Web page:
It is the fear of opportunity that we call the Anti-Bubble: it describes how the UK stockmarket has become the complete opposite of where it was at the height of the TMT bubble in 2001 - black and white, chalk and cheese, matter and anti-matter, bubble and anti-bubble.
Back in 2001 everyone loved equities, and within the equity market they especially loved anything with greater risk because, of course, risk (such as technology growth stocks) meant an ‘opportunity to make money’. Greed was commonplace, fear was for wimps, defensive stocks such as Tobacco and Food Producers could be safely ignored, however low they were priced.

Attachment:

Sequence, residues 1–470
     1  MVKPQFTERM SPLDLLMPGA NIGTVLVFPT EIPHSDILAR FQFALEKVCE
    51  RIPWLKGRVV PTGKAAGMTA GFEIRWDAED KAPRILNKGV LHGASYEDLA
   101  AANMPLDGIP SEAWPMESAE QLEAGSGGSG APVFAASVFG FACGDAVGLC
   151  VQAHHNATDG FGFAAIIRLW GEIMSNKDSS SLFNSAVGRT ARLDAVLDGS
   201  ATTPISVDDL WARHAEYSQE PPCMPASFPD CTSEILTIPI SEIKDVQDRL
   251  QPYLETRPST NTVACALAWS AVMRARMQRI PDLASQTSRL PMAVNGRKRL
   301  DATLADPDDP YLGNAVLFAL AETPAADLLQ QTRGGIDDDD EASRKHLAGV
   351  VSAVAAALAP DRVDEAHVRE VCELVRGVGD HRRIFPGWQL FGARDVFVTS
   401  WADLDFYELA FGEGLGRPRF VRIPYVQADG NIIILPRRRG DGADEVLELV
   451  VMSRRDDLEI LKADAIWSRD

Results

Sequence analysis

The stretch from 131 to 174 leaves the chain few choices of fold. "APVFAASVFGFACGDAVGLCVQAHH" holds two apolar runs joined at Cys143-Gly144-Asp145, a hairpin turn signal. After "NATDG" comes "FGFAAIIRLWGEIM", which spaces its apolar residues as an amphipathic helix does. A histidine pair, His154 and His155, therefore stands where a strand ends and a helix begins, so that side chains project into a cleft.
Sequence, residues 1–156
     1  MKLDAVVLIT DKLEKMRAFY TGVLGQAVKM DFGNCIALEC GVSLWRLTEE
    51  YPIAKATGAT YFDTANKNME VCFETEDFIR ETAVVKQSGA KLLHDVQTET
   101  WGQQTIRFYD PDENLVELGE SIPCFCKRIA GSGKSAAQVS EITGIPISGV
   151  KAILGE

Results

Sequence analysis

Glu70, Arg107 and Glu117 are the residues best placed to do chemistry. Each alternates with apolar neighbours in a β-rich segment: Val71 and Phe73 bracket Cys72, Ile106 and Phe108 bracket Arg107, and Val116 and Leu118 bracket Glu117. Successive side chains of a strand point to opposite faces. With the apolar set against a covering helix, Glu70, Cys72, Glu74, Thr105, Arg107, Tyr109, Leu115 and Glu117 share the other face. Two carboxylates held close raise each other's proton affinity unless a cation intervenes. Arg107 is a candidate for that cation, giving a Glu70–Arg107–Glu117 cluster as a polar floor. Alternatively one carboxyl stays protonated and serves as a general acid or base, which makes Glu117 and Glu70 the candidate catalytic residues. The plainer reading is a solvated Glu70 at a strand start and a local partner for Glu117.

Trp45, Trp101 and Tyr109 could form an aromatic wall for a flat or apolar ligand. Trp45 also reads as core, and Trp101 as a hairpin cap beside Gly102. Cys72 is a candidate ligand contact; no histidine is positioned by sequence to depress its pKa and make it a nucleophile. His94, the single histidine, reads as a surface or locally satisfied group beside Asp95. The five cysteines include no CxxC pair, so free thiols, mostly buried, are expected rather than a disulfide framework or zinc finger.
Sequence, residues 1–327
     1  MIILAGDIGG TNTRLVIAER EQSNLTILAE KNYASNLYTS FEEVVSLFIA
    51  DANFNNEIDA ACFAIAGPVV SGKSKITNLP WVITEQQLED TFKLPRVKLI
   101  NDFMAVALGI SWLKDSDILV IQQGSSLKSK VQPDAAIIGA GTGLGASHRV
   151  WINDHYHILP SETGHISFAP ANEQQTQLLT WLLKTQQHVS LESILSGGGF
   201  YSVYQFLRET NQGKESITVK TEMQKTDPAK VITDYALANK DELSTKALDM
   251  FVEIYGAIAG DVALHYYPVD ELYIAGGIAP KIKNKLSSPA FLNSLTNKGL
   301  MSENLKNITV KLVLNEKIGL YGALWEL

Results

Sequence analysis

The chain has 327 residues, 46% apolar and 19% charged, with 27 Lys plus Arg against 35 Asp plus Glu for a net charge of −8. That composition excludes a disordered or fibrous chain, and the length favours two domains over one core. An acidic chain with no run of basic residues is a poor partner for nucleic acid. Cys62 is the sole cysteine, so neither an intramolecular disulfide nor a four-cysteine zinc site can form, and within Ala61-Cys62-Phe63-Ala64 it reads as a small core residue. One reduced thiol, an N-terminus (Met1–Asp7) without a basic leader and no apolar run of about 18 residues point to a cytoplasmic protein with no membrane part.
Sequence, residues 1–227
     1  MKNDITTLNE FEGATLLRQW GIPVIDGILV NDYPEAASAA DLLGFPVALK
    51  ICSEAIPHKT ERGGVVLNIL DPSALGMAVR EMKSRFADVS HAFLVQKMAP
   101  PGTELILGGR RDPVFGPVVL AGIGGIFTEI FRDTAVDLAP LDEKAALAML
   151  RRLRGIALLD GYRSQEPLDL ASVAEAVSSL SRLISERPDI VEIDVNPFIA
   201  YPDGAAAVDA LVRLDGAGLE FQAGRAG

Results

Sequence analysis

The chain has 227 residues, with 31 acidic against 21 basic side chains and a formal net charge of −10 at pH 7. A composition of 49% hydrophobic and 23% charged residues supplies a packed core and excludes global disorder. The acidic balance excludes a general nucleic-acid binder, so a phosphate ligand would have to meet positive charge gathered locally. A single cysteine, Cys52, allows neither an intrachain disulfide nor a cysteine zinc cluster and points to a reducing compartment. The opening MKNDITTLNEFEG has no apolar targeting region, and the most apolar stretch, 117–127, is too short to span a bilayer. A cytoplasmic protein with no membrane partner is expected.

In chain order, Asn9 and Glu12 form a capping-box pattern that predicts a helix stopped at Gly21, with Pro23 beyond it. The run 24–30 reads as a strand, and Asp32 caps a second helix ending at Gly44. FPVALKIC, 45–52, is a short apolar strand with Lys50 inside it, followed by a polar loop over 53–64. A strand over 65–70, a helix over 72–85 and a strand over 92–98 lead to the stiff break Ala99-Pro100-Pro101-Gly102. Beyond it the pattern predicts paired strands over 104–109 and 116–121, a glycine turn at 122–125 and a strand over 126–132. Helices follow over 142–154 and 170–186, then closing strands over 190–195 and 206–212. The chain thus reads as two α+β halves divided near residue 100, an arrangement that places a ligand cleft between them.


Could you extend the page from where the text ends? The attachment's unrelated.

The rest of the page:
Fast forward to today and what do we have? We have a hatred of equities, as reflected in very low valuations, and, within the equity market, anything that has a hint of risk (such as cyclical earnings) is considered close to un-investable because risk now equals a short-term threat to share prices that no-one has the appetite to bear. Fear is commonplace, greed is for madmen, and investing in stocks that are absurdly cheap is considered to be speculation and not sensible long- term investing. The only place to be now is those very same Tobacco and Food stocks that were friendless twelve years ago. This is the Anti-Bubble.